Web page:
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Blood Cells Mol Dis. 2001 Jul-Aug;27(4):767-80.

An erythroid-specific chromatin opening element reorganizes beta-globin promoter chromatin structure and augments gene expression.

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Department of Pharmacology & Toxicology, Dartmouth Medical School, Hanover, New Hampshire 03755, USA.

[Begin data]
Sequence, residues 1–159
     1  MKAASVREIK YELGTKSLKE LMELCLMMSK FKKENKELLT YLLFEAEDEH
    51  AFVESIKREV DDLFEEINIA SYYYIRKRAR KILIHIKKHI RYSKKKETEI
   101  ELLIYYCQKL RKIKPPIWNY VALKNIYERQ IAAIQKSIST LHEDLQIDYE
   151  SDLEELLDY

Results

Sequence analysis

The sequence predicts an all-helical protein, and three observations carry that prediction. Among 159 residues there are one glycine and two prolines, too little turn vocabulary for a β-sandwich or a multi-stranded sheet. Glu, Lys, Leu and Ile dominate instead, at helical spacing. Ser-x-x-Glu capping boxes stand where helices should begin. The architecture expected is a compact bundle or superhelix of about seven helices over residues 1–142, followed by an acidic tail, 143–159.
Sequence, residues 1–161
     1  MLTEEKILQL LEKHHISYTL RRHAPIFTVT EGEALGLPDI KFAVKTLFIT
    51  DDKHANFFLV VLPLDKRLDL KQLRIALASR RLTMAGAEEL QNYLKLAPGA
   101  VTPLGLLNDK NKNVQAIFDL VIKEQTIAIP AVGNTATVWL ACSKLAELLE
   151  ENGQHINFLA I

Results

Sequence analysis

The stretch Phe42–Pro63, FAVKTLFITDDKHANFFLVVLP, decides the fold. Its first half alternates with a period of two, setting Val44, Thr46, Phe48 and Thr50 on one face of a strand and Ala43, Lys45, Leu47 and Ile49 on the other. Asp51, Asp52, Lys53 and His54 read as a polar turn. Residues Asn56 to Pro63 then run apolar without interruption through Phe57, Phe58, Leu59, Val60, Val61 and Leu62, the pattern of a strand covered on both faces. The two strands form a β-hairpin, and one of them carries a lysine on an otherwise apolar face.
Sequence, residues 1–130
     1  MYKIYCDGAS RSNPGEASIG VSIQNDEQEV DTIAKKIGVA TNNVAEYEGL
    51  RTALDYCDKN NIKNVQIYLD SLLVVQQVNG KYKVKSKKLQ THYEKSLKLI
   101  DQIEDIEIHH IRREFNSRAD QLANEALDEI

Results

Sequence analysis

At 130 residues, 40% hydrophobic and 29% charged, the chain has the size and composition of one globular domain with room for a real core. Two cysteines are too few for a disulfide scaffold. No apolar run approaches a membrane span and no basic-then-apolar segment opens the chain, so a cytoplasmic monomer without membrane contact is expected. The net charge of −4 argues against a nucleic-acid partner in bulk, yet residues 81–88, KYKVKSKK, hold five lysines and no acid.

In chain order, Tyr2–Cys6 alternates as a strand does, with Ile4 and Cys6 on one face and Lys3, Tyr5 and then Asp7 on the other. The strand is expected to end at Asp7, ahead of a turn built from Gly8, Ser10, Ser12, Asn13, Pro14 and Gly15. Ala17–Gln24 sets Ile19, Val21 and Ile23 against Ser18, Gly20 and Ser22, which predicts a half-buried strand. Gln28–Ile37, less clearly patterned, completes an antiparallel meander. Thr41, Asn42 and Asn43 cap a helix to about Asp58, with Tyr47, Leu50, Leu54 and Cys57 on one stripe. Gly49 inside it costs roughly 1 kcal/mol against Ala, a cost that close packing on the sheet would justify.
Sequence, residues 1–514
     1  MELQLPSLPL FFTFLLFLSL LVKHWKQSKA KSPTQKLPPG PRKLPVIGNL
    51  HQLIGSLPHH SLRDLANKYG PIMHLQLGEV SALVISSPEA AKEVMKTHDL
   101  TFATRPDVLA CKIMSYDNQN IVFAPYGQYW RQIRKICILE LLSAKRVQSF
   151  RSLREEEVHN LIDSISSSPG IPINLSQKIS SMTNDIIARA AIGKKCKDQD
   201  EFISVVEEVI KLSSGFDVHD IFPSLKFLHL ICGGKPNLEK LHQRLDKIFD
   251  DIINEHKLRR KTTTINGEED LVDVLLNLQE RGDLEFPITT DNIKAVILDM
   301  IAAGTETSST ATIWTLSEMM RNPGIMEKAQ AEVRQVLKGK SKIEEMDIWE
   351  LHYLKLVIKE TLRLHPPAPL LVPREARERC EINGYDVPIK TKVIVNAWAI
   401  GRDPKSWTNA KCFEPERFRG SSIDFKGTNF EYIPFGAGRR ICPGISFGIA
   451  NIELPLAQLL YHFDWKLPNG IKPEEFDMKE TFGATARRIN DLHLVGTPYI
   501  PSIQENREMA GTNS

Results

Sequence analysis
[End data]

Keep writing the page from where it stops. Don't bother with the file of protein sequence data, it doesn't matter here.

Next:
In erythroid tissues the chromatin structure of the beta-globin gene locus is extensively remodeled. Changes include the formation of DNase I hypersensitive sites (HSs) over the promoters of actively expressed genes. To test the hypothesis that such "opening" of promoter chromatin structure is important for beta-globin gene expression, we placed a 101-bp erythroid-specific hypersensitive-site forming element (HSFE) from the core of LCR HS4 immediately upstream of a minimal beta-globin gene promoter. We then studied the effects of this element alone and in combination with other cis-acting elements on globin gene chromatin structure and gene expression in MEL cells and transgenic mice. Single or tandem HSFEs increased the size of the portion of the promoter accessible to DNase digestion, increased the proportion of promoters in an accessible conformation, and increased gene expression approximately 5-fold. These were equivalent to expression levels attained using a 2.8-kb microLCR construct. Inclusion of the LCR HS2 enhancer did not increase expression further. In transgenic mouse fetal liver cells the HSFE increased average expression 2.5-fold compared to the minimal promoter alone. These results indicate that a small cis-acting element is capable of remodeling local beta-globin promoter chromatin structure and producing expression similar to that seen with a microLCR construct.

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